The ironic part of hearing loss is that we don’t seem to start appreciating our favorite sounds until after we’ve lost the ability to clearly hear them. We don’t pause to give thought to, for instance, how much we appreciate a good conversation with a close friend until we have to persistently ask them to repeat themselves.

Whether it’s your favorite Mozart record or the songs of a Bluejay first thing in the morning, your total well being is directly connected to your ability to hear—whether you realize it or not. And if you wait until after you’ve lost your hearing to come to this realization, you’re going to spend a good deal of time and effort trying to get it back.

So how can you protect your ability to hear?

Here are 6 ways you could lose your hearing and what you can do about it.

1. Genetics and aging

Age-related hearing loss, also called presbycusis, is the loss of hearing that slowly and gradually develops as we grow old. Along with presbycusis, there is also some evidence suggesting that genetics plays a role, and that some of us are more vulnerable to hearing loss than others.

While there’s not much you can do to prevent the aging process or alter your genetics, you can protect against noise-induced hearing loss from the other sources shown below. And keep in mind that age-related hearing loss is significantly more complicated to treat if worsened by preventable damage.

2. Traveling

Regular direct exposure to sound volumes above 85 decibels can result in permanent hearing loss, which is not-so-good news if you happen to own a convertible. New research reveals that driving a convertible with the top down at excessive speeds yields an average sound volume level of 90 decibels. Motorcyclists face even louder sounds and those who take the subway are at risk as well.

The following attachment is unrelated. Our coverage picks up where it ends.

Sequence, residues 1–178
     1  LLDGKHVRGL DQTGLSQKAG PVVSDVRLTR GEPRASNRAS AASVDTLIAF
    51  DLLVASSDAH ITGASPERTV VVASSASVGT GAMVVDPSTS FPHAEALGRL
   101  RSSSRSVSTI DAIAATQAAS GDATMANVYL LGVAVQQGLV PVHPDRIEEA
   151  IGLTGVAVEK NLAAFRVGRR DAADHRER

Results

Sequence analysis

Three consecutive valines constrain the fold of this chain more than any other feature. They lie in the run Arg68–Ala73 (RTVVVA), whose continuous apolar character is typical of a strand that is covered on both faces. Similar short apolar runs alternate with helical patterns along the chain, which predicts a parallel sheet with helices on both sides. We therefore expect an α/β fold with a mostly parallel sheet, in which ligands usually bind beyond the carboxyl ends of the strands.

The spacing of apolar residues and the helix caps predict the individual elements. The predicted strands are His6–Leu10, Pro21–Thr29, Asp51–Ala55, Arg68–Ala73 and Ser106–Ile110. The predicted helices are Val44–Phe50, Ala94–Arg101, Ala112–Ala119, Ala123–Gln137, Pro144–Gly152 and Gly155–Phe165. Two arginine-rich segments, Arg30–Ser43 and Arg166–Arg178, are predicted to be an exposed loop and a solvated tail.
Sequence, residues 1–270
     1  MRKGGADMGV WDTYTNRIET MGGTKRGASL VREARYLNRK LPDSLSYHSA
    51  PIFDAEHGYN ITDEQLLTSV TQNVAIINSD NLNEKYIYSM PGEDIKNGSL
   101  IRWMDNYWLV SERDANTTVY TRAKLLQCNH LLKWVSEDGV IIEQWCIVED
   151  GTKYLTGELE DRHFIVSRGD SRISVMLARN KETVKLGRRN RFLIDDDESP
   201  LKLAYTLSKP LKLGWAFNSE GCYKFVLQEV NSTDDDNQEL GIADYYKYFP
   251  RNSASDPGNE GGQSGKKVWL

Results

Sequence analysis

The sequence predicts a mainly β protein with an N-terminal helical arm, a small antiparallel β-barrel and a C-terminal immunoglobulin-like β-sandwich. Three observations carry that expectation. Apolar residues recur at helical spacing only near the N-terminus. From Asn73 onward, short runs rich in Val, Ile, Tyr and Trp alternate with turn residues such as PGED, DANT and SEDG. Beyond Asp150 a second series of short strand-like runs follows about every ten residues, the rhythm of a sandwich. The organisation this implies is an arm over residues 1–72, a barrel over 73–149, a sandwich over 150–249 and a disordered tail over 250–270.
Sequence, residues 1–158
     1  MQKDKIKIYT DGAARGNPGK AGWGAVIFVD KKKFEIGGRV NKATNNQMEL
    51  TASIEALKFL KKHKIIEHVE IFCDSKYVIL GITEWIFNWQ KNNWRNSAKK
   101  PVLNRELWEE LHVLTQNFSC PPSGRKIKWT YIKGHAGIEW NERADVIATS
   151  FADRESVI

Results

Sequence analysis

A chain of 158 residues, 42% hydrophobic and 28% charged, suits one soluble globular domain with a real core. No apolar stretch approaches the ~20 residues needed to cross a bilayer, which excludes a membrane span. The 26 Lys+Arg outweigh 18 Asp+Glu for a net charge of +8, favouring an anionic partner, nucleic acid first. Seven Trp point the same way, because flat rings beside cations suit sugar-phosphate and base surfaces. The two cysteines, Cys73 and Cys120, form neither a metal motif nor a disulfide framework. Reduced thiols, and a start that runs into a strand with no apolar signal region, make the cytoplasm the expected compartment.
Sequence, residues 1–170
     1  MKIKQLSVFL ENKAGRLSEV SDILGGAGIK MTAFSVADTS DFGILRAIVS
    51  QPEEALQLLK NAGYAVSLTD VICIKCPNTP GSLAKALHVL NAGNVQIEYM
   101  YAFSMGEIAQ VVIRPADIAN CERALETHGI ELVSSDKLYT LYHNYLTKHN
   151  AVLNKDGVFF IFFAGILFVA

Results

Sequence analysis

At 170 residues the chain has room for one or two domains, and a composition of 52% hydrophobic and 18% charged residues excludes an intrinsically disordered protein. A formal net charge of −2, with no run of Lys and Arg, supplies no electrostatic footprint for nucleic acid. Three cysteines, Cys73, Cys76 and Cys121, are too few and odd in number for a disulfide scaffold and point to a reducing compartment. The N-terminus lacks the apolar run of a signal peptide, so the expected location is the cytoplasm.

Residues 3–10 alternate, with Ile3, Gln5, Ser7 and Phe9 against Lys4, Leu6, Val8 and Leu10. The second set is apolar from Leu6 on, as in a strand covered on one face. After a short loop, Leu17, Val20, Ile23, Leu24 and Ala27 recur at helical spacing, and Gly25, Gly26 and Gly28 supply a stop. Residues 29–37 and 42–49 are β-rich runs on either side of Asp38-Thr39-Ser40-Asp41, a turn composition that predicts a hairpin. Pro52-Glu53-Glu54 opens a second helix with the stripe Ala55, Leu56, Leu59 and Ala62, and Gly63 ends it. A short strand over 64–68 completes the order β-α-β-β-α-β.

So does everybody either have to forego travel or live with permanent earplugs? Not exactly, but you should certainly look for ways to limit your collective noise exposure during travel. If you drive a convertible, roll up your windows and drive a little slower; if you own a motorcycle, put on a helmet and think about earplugs; and if you ride the subway, give some thought to buying noise-canceling headsets.

3. Going to work

As indicated by the National Institute for Occupational Safety and Health (NIOSH), 22 million people in the US are exposed to potentially hazardous noise levels at work. The highest risk careers are in manufacturing, farming, construction, the military, and the music industry.

The last thing you want is to spend your entire working life amassing hearing loss that will prevent you from taking pleasure in your retirement. Check with your supervisor about its hearing protection plan, and if they do not have one, talk to your local hearing specialist for personalized solutions.

4. Taking drugs and smoking

Smoking interferes with blood flow, among other things, which could enhance your risk of developing hearing loss—if you really required another reason to stop smoking. Antibiotics, potent pain medications, and a large number of other drugs are “ototoxic,” or toxic to the cells of hearing. In fact, there are more than 200 known ototoxic medications.

The bottom line: try to avoid using ototoxic drugs or medications unless completely necessary. Talk to your doctor if you have any questions.

5. Listening to music

85 is turning out to be quite an inconvenient number. Many of our favorite activities produce decibel levels just above this limit, and any sound over 85 decibels can result in hearing loss. If the limit were just slightly higher, say 100 decibels, we wouldn’t have to worry about it so much.

But 85 it is. And portable music players at maximum volume reach more than 100 decibels while rock shows reach more than 110. The solution is simple: turn down your iPod, wear earplugs at concerts, and reduce your time of exposure to the music.

6. Getting sick or injured

Specific disorders, such as diabetes, together with any traumatic head injuries, places you at greater risk of developing hearing loss. If you have diabetes, frequent exercise, a balanced diet, and consistent tracking of glucose levels is critical. And if you ride a motorcycle, using a helmet will help prevent traumatic head injuries.

Talk to Your Hearing Specialist

Although there are several ways to lose your hearing, a few simple lifestyle alterations can help you save your hearing for life. Remember: the modest inconvenience of wearing custom earplugs, driving with the windows up, or turning down your iPod are small in comparison to the substantial inconvenience of hearing loss later in life.

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